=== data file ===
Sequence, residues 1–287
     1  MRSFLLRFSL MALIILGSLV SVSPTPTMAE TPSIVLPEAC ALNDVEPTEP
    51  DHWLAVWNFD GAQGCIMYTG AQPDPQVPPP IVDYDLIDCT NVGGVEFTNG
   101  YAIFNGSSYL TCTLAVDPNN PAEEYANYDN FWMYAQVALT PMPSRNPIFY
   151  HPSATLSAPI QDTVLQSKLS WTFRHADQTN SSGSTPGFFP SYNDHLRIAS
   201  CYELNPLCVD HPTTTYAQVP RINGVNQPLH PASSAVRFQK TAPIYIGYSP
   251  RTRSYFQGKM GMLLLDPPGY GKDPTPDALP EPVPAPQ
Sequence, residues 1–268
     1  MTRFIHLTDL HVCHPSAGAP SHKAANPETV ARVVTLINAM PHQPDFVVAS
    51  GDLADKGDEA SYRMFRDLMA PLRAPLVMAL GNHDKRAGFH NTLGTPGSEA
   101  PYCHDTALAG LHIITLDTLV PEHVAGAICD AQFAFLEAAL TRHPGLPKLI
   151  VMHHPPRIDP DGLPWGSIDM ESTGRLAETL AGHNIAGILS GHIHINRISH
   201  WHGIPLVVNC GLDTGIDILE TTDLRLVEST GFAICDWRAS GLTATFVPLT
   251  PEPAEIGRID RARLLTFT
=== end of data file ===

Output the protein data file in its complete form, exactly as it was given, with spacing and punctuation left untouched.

Sequence, residues 1–287
     1  MRSFLLRFSL MALIILGSLV SVSPTPTMAE TPSIVLPEAC ALNDVEPTEP
    51  DHWLAVWNFD GAQGCIMYTG AQPDPQVPPP IVDYDLIDCT NVGGVEFTNG
   101  YAIFNGSSYL TCTLAVDPNN PAEEYANYDN FWMYAQVALT PMPSRNPIFY
   151  HPSATLSAPI QDTVLQSKLS WTFRHADQTN SSGSTPGFFP SYNDHLRIAS
   201  CYELNPLCVD HPTTTYAQVP RINGVNQPLH PASSAVRFQK TAPIYIGYSP
   251  RTRSYFQGKM GMLLLDPPGY GKDPTPDALP EPVPAPQ
Sequence, residues 1–268
     1  MTRFIHLTDL HVCHPSAGAP SHKAANPETV ARVVTLINAM PHQPDFVVAS
    51  GDLADKGDEA SYRMFRDLMA PLRAPLVMAL GNHDKRAGFH NTLGTPGSEA
   101  PYCHDTALAG LHIITLDTLV PEHVAGAICD AQFAFLEAAL TRHPGLPKLI
   151  VMHHPPRIDP DGLPWGSIDM ESTGRLAETL AGHNIAGILS GHIHINRISH
   201  WHGIPLVVNC GLDTGIDILE TTDLRLVEST GFAICDWRAS GLTATFVPLT
   251  PEPAEIGRID RARLLTFT